Profit Potential

Profitable HIF Power Production

Fusion Power Corporation's objective is to deliver fusion energy to the world.  This can be accomplished within this decade, using mature technology that is employed in numerous industries and areas of research. The process is known as RF Accelerator Driven Heavy Ion Fusion (HIF). Properly designed, this process can be very profitable.

  Heavy Ion Fusion was acclaimed internationally in 1976                                     

In 1976 a group of renowned scientists, including several Nobel laureates, met for a workshop on HIF in Berkeley, CA1. After a two week long examination of the state of the art of the technology then available, the participants concluded that a fusion power plant could be built using a radio frequency (RF) accelerator to drive inertial confinement fusion (ICF).  They concluded that there were no insurmountable obstacles.  Technically, this was true, but there was, in fact, an obstacle that caused the effort to come essentially to a halt, in spite of that extremely promising start. The unappreciated obstacle was economics.

HIF systems need to be big. Big means large output and it also means large initial investment.  In the 1980s and 1990s the low cost of energy could not justify big. But that has all changed in this new century. Now there is an ever-increasing need for more and more energy from all over the globe. The need for BIG sources of energy is clear from the rapid rise of energy costs, as old sources begin to deplete or meet political or public opposition. HIF’s bigness is now a powerful positive.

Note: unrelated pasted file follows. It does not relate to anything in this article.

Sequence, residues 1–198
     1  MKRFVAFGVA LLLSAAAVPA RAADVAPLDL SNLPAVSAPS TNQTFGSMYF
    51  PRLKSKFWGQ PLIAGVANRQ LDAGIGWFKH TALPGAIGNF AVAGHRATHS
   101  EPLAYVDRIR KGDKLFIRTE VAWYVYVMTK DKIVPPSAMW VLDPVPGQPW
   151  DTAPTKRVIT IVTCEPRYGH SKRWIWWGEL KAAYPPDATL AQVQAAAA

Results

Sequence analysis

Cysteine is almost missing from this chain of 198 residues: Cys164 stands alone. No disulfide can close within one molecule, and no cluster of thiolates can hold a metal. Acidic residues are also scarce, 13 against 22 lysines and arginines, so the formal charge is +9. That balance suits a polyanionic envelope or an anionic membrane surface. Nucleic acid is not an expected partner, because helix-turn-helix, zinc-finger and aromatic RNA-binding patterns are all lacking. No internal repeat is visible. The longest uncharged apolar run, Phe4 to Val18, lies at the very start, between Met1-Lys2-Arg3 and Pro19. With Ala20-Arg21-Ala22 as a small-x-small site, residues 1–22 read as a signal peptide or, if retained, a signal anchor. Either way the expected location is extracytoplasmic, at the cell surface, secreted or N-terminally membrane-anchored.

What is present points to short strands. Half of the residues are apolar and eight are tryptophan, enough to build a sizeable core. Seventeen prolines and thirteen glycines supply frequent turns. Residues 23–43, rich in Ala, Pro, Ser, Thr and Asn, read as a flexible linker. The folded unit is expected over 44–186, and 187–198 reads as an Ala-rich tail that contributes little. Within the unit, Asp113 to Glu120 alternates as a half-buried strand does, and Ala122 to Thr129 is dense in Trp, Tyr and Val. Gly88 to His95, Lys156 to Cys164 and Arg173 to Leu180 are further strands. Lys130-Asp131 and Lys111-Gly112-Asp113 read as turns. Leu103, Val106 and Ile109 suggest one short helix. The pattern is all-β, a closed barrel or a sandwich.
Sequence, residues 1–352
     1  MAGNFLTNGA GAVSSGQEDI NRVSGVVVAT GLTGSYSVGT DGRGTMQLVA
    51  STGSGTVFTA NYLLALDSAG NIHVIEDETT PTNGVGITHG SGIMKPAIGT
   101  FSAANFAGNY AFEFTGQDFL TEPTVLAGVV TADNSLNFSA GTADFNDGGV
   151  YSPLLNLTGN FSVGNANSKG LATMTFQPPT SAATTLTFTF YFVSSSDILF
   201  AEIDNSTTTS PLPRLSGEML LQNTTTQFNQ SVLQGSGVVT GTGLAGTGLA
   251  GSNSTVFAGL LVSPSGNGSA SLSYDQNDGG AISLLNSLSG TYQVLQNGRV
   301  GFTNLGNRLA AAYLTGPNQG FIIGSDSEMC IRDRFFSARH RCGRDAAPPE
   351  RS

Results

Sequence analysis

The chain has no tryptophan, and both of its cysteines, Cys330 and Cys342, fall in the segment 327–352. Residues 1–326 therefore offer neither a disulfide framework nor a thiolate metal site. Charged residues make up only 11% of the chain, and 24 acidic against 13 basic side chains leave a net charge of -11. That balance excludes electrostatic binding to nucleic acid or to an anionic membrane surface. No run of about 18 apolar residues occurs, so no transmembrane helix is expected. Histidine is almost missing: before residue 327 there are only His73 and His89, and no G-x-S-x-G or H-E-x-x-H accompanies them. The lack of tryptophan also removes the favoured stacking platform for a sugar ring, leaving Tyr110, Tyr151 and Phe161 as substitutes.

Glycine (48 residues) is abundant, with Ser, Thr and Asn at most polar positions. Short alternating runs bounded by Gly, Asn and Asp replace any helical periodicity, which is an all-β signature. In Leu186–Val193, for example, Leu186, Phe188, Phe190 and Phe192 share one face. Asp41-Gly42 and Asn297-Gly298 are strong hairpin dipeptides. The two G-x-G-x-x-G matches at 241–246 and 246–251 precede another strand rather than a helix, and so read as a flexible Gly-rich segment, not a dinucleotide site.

Two Major Energy Products                                                                                   

Solving the economic dilemma requires reconsideration of the assumption that the only product of fusion power is electricity. Stable functioning of the electricity grid requires geographical distribution of appropriately sized power stations. The electricity industry is based on power stations that each contribute from one thousand to five thousand Megawatts to the grid.  But electricity comprises only part of the world’s energy supply.  Fusion can produce synthetic liquid fuels as well as electricity. Our solution to produce both liquid fuels and electricity capitalizes on HIF’s economies of scale.